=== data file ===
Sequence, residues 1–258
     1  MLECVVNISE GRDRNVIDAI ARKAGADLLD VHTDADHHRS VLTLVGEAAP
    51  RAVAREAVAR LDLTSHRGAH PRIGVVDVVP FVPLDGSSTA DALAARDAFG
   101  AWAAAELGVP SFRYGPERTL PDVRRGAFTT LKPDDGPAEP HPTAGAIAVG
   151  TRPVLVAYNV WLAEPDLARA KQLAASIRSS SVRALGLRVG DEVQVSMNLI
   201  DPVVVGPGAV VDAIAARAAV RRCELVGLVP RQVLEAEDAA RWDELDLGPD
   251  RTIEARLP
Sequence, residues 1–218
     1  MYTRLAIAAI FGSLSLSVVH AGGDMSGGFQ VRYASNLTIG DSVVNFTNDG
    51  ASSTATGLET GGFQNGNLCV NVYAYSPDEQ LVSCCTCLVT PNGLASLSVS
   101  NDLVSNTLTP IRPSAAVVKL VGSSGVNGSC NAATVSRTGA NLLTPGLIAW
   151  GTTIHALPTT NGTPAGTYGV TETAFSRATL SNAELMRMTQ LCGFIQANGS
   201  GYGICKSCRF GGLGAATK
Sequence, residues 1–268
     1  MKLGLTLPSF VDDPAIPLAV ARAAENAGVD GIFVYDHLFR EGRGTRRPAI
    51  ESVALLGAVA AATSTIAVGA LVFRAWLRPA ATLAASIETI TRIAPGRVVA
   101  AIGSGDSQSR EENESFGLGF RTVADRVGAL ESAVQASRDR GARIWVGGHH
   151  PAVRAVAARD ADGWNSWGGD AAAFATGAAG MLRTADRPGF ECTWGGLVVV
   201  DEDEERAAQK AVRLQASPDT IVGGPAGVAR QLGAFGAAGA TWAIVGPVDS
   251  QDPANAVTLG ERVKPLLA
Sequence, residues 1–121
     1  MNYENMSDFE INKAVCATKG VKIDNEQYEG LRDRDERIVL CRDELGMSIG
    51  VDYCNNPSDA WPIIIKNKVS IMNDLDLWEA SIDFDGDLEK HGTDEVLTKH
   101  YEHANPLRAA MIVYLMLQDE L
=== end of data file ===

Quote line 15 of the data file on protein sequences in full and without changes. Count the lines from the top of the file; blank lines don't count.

     1  MKLGLTLPSF VDDPAIPLAV ARAAENAGVD GIFVYDHLFR EGRGTRRPAI